Buttigieg’s LGBT donors help defy expectations

Sara Burnett
Associated Press
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Presidential candidate Pete Buttigieg says he’s using donations to double his 20-person staff.

Greenville, South Carolina – Jonah Burrell first contributed to Pete Buttigieg’s campaign after watching the first prominent openly gay presidential candidate on television. When Burrell later saw him in person in a cramped upstate South Carolina auditorium, he knew he had to do it again.

“I felt compelled to help,” Burrell, a nursing student who is gay, said after the event. “It makes me proud he’s a gay man.”

Financial support from the LGBT community has helped Buttigieg defy expectations by raking in more than $7 million in just over two months. The money has come from grassroots supporters like Burrell and big-dollar Hollywood donors who hope Buttigieg will make history – or at least the summer debate stage.

The Buttigieg appeal was on display again this weekend when the mayor of South Bend, Indiana, and his husband separately headlined galas for two of the country’s largest LGBT organizations.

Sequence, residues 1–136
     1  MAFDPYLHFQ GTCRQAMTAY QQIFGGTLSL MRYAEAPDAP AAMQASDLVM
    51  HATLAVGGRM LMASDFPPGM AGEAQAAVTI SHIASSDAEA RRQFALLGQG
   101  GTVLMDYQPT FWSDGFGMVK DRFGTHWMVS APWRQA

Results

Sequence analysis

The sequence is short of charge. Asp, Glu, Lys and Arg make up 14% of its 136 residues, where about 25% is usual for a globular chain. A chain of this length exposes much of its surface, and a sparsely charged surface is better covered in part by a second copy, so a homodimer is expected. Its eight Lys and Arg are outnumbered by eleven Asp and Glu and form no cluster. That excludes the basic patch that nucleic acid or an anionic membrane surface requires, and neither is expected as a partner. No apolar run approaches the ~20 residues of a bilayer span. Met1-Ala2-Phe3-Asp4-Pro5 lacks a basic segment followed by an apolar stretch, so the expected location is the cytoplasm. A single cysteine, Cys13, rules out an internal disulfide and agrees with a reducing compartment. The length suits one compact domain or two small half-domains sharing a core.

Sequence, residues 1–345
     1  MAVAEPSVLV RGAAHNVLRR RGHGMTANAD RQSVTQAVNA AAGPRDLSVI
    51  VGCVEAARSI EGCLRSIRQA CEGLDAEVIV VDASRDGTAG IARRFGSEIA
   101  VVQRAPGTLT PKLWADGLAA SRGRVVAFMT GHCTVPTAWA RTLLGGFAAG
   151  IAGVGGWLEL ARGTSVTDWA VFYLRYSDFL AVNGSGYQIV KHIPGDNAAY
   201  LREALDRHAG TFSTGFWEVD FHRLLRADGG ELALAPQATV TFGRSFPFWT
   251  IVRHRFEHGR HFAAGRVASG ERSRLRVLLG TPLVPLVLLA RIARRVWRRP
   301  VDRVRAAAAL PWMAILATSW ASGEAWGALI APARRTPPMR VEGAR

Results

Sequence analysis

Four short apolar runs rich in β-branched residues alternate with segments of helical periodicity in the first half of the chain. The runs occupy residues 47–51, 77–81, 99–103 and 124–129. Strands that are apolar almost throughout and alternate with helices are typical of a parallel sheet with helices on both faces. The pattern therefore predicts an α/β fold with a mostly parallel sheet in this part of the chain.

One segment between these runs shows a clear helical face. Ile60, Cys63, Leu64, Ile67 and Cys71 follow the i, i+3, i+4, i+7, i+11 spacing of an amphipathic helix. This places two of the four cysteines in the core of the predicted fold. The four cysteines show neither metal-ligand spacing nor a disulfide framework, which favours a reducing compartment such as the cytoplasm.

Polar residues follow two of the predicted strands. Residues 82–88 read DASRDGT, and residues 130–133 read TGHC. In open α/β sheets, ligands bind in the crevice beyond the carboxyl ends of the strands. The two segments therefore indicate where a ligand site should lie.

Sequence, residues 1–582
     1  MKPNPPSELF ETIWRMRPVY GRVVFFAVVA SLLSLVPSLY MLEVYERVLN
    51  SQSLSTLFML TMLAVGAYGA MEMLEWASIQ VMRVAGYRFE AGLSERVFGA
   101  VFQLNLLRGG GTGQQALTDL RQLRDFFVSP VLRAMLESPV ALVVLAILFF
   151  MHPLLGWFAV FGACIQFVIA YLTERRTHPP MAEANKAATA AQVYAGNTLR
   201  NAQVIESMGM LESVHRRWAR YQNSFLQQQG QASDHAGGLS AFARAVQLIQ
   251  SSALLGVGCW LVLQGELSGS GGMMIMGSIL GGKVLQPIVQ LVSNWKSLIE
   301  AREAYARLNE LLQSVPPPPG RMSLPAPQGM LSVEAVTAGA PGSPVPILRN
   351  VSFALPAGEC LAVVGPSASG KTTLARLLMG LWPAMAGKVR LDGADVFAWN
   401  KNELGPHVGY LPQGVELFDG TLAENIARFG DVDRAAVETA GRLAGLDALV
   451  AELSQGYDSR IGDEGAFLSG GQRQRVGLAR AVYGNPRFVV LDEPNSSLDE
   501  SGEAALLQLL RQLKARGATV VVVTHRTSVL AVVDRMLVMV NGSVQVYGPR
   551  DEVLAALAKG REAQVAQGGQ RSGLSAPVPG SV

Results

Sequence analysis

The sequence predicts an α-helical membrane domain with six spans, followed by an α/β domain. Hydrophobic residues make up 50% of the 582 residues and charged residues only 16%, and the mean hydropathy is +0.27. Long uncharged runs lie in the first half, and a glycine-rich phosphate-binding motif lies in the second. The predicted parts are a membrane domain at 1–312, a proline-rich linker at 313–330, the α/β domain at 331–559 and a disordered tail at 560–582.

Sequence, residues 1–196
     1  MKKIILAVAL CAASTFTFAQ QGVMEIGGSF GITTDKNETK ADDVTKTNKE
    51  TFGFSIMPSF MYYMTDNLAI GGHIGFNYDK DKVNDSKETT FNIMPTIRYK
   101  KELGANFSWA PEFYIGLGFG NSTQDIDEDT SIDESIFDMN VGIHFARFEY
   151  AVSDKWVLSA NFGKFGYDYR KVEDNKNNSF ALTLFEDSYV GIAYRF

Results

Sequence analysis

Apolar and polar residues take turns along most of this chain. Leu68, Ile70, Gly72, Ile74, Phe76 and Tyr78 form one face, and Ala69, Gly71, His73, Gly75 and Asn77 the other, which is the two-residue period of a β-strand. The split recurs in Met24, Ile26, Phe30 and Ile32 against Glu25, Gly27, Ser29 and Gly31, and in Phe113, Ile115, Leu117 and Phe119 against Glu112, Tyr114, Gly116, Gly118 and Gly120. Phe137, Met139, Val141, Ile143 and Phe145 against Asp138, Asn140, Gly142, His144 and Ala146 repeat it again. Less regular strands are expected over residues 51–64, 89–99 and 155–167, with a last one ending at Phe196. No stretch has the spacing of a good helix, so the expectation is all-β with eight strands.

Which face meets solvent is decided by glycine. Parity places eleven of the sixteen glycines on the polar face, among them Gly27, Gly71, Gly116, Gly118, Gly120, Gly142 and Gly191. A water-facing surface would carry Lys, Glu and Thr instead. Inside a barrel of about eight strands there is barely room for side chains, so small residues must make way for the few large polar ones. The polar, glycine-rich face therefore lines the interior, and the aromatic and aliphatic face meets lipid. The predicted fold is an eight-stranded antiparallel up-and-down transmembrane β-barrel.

And the early haul shows no sign of slowing. Victory Fund, which invested $2 million in LGBT candidates in 2018, expects to endorse Buttigieg shortly after he formally joins the race, President and CEO Annise Parker said.

The board that makes endorsements – made up of 100 “bundlers,” or people who commit to raising $5,000 annually for candidates – has been “champing at the bit” to endorse him, she said. Once they do, the group will appeal to its donor network to directly support Buttigieg’s campaign and promote his events.

Of the candidates who’ve released their first-quarter fundraising totals, Buttigieg outraised New Jersey Sen. Cory Booker and Minnesota Sen. Amy Klobuchar, who each brought in over $5 million, and entrepreneur Andrew Yang. Other candidates exceeded his total, including California Sen. Kamala Harris ($12 million) and Vermont Sen. Bernie Sanders (more than $18 million). But they are better-known, with well-established donor networks that in some cases date back many years.

Buttigieg says he’s using the money to double his roughly 20-person staff and build teams in early-voting states likes Iowa and New Hampshire.

While his upstart campaign benefited from the gay community’s support, he didn’t rely on it. Buttigieg says he received donations from nearly 160,000 people between late January and March 31. About 65% of contributions were less than $200, with an average donation of about $36.

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